You justly noted certain initiatives and efforts on Turkey’s part. This is a major step in the right direction and we have taken notice of it. I’d also like to draw your attention to the comments regarding the issue. We’ll comment on other issues and developments when necessary, as the situation develops.
Question: Recently, President of Azerbaijan Ilham Aliyev has commented on the results of the trilateral meeting in St Petersburg and noted that a certain status could be granted to Nagorno-Karabakh. Also, Mr Aliyev has stated that Nagorno-Karabakh will never gain independence. However, Azerbaijani media reported quoting diplomatic sources that Russian President Vladimir Putin had a “plan” that envisaged transfer of five regions to Azerbaijan in exchange for a stronger status. Which status are they referring to?
Maria Zakharova: We believe that Nagorno-Karabakh settlement should be discussed in a certain format. We realise that, given the history and the pressing nature of the issue, there is great desire to comment on it or clarify certain points. However, we should make a distinction between explanations and public debate, as well as the attempts to use the public space to resolve this highly complex issue. To do so, there is a negotiation process that has various formats: summits, bilateral and multilateral meetings. The St Petersburg meeting was a success, according to participants and the observers who were concerned at the outset about the possibility of not being allowed to attend. However, they were fully informed and satisfied with the way things went. The meeting concluded with the adoption of a declaration that was published and, to the extent that is currently possible and agreed by the parties, disclosed the details and results of the meeting, as well as the ways and prospects for moving forward. It is very important not to fritter away the positive achievements through public announcements and rhetoric. They should be preserved to be further implemented in specific steps.
I realise that this is an ultra-diplomatic answer. I’m sure you would like to find out more details and forecasts, but there are issues that require silence, not to conceal something but because they concern the work of diplomats and experts. The public should demand and know all information, but there is a difference between informing and using the public space for a tug of war. It is important to seek ways to resolve the issue and put the solution into practice rather than focus on who is stronger and better or who scored more points. We support the first approach, although informing the public is an important part of our work.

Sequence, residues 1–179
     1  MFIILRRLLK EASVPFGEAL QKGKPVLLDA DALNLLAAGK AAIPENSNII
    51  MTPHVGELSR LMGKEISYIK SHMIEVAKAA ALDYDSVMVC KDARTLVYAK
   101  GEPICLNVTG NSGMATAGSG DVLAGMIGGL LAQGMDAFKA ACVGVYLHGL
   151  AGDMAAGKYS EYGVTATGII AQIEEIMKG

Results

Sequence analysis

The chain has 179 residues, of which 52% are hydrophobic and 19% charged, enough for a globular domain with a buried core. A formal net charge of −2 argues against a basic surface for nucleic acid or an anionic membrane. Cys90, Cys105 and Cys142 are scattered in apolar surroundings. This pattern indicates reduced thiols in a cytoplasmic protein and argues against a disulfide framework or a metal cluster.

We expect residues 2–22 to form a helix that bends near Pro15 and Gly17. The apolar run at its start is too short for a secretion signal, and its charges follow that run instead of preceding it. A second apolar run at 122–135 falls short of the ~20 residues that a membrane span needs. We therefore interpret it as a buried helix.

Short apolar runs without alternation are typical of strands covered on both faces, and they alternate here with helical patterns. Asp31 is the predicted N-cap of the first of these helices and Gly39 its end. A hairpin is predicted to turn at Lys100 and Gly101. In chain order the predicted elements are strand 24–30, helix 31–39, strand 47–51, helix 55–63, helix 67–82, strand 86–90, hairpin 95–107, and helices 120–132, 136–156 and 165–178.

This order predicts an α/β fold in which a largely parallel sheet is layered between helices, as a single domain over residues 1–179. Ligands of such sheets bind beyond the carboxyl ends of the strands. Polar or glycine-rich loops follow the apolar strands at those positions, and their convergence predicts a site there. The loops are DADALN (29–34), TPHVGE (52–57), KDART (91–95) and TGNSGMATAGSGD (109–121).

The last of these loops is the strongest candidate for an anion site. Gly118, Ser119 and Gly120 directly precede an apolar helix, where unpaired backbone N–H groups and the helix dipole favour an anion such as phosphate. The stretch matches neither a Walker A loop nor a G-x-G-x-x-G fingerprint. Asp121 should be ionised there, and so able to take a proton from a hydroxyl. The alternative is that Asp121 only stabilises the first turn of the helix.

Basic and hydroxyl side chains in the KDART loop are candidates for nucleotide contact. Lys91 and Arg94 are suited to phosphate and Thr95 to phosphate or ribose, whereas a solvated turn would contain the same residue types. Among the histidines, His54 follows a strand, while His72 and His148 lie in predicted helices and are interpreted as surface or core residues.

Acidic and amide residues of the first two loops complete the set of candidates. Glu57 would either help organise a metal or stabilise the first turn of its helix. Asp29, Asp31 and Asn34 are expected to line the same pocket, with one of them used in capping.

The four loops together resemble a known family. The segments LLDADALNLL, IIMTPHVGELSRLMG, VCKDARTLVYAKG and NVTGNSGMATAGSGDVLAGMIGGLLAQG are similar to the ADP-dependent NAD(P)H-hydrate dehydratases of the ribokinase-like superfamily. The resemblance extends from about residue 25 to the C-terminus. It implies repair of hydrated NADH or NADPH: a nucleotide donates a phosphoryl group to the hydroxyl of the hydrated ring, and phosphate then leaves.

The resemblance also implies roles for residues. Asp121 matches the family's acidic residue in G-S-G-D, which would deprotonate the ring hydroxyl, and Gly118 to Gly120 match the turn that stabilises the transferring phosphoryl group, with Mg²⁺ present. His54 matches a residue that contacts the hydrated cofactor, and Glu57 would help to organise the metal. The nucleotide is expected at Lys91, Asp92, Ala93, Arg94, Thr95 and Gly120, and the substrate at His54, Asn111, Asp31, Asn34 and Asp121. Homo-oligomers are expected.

When specific facts become available to us, we’ll comment on them. Let me repeat that to advance the Nagorno-Karabakh settlement we initially called on all parties to debate the issue through the negotiation processes, not in the public space.
Question: Are there plans for Foreign Minister Sergey Lavrov to meet with Turkish Foreign Minister Mevlut Cavusoglu in Sochi?
Maria Zakharova: As for Russia-Turkey contacts, either in person or by phone, the issue is in progress. I can’t add any information regarding Foreign Minister Sergey Lavrov’s schedule during the meeting of the BSEC Council of Ministers of Foreign Affairs in Sochi; it is being agreed now. The issue of Russia-Turkey contacts is in progress.
Question: German Defence Minister Ursula Gertrud von der Leyen has noted that Russia should report its troop movements during exercises. Can you comment on this?
Maria Zakharova: Defence Ministry Spokesman Igor Konashenkov has commented on this question. I have nothing more to add. Germany’s official spokespersons should assess the information being submitted by Russia on the appropriate issue.
Thank you for touching on this because there is one more thing here I want to say. If you have questions, why don’t you ask them through the appropriate channel? If you don’t have enough information, we are always ready to provide it. When things are published in a negative context, it is to form a certain public opinion on a specific issue rather than to obtain information. This is obvious. There are several ways that we can be reached on any issue. If you don’t have enough information, just call us and ask. And we will provide all the necessary information.
Question: Does Russia see the results of the Brexit referendum as an unfavourable development or can we expect anything positive from it?